Flowers in Minns Garden, Cornell Campus.  Echinacea.  Cornell University Photography.
Image by Lindsay France


Late Summer Flowers Q&A

By Pat Curran, Horticulture Educator,

Tompkins County Cornell Cooperative Extension
(Published August 2011)

Question: What can I plant so that my garden looks lush in late summer, instead of tired?

Answer: Lots of plants flower in late summer. Sometimes they don't look very impressive in pots at the nurseries in spring, and we overlook them. Daisy relatives such as Helenium (available in reds as well as yellow and orange), Heliopsis (yellow, medium height), and Silphium, cup plant (yellow, a graceful 6 or 7 feet) strike a strong color note that can be nicely set off by tall white phlox and lavender-blue Caryopteris (a small shrub). Tall phlox, with its wonderful fragrance, also comes in many shades of pink, lavender, almost true-blue, and fuchsia. Russian sage in lavender-purple likes it hot and sunny. Native cardinal flower blooms in red, and its relative, the wild blue lobelia, in bluish-purple. Native turtlehead blooms a nice medium pink, while native Joe-Pye weed is a dusty rose. Purple coneflower is flowering abundantly. An edging plant I love, twisted onion, Allium senescens glaucum, will soon be covered with little lavender-pink globes. For partial shade, there is the low-growing Astilbe chinensis pumila with lavender-pink spikes, and just starting now, the hybrid anemones in pink, rose, or white. Heuchera, now a wonderful foliage plant in many different colors, thrives in dappled shade.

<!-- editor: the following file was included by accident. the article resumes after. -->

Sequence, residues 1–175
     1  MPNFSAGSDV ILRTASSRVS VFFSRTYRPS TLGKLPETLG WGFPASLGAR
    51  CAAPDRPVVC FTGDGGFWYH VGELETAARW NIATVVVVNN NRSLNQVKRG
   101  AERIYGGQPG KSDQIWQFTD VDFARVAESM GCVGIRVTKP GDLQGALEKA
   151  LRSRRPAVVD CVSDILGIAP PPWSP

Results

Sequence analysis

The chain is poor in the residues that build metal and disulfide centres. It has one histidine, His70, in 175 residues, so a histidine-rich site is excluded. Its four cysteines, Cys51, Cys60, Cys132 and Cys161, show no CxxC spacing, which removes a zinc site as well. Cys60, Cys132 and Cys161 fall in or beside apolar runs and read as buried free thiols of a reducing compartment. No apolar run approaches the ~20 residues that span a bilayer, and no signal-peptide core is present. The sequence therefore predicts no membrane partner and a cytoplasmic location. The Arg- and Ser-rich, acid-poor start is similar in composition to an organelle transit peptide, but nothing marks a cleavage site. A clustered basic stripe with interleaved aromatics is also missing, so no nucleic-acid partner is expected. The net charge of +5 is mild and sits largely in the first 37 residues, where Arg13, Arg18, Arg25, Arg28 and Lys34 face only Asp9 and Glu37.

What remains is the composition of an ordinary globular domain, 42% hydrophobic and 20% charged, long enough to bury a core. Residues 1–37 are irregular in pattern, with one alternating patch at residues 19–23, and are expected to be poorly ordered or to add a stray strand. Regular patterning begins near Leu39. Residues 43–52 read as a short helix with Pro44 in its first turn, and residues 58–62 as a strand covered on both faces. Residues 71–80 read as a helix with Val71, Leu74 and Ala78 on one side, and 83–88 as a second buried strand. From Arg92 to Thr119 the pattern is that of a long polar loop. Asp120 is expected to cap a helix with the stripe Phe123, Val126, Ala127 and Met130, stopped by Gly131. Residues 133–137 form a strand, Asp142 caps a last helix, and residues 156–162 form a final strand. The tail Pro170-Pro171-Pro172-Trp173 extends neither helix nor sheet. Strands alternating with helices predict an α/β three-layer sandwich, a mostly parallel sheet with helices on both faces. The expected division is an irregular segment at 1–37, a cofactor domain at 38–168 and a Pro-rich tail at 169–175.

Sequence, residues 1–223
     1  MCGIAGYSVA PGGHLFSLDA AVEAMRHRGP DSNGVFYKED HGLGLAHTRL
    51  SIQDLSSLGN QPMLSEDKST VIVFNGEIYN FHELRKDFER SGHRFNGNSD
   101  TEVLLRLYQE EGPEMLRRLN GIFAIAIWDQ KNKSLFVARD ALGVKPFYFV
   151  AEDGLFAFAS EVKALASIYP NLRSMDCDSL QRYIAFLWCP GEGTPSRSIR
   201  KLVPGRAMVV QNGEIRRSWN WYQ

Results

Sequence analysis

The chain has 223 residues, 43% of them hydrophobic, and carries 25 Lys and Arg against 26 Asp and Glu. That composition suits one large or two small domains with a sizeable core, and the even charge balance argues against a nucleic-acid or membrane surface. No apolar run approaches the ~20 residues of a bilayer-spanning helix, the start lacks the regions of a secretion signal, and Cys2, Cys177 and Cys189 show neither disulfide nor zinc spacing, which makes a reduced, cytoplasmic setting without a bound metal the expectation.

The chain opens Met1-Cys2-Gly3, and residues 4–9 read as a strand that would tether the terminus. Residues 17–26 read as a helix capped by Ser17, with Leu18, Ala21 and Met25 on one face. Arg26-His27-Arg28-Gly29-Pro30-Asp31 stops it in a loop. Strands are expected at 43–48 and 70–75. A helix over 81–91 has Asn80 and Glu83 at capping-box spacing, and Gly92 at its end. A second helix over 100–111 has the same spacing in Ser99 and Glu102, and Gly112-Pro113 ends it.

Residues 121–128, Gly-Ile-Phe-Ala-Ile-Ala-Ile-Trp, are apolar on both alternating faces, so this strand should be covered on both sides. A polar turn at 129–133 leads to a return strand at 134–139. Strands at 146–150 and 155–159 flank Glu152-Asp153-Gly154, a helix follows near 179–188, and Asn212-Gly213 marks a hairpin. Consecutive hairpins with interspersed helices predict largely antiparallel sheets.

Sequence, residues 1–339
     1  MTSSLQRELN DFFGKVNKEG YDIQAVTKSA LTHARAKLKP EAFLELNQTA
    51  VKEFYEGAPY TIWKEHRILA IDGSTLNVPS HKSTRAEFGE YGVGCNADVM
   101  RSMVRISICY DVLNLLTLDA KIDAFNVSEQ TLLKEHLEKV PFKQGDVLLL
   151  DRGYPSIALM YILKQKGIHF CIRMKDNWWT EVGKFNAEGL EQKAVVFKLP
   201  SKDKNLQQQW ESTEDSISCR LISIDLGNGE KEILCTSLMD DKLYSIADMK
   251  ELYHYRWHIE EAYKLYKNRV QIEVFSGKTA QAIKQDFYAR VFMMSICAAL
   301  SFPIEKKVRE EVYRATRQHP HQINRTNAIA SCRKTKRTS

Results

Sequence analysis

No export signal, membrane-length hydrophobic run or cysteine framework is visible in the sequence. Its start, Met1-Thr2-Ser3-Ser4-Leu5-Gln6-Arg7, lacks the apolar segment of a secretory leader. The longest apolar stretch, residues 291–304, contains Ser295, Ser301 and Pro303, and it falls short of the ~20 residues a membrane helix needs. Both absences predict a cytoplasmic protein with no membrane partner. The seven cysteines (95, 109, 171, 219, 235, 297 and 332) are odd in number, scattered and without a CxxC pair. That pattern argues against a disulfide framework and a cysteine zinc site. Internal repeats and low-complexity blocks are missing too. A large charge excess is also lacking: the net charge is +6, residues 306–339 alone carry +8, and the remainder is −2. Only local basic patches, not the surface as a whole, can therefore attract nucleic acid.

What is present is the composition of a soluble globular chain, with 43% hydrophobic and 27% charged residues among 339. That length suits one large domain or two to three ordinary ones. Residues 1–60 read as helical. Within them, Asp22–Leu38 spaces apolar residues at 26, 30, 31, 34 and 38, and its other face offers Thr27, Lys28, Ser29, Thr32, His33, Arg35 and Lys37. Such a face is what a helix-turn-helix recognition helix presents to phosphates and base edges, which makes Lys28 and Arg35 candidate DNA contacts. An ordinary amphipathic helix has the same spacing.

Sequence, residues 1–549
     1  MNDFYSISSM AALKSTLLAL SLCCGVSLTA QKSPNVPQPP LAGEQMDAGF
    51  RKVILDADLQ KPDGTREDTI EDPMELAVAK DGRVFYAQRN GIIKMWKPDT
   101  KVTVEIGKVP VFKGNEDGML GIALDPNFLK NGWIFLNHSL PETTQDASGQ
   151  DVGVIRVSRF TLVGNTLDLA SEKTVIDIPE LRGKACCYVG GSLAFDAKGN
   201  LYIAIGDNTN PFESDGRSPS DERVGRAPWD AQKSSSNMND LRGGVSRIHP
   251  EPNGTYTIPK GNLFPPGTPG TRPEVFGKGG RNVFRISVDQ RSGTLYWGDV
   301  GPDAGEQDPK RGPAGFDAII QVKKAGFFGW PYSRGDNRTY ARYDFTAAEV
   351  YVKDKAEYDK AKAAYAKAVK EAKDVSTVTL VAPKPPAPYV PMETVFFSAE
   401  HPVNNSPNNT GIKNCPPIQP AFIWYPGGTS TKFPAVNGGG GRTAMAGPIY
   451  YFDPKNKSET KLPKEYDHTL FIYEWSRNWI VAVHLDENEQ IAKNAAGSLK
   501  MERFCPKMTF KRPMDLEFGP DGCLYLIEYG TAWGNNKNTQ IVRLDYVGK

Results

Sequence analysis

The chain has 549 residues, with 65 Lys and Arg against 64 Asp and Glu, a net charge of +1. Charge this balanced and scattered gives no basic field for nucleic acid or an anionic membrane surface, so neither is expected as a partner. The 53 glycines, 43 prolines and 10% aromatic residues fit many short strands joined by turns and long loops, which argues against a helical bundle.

Shrubs provide color with red fruits (Aronia, Viburnums), or blue or white fruits (native dogwoods). The old-fashioned PG hydrangea is now available in new improved varieties, as is the Rose-of-Sharon bush. The bigleaf hydrangea is now available in varieties which will bloom despite the cold winters that may kill overwintering flower buds. Native Clethra, summersweet, is fragrant and very adaptable as to soils or sun exposure.

Tender plants such as dahlias and cannas are at their best now, if they have been kept well-watered. Containers of these can be positioned in gardens that have little late-summer interest, but then watering is more difficult. Grouped on a deck or patio, they can be very showy, as well as easier to maintain.

Ask a Gardener appears weekly in The Journal during the growing season. For answers to other garden, lawn, landscape and pest questions, call Cooperative Extension at 607-272-2292 or email:

Last updated January 29, 2021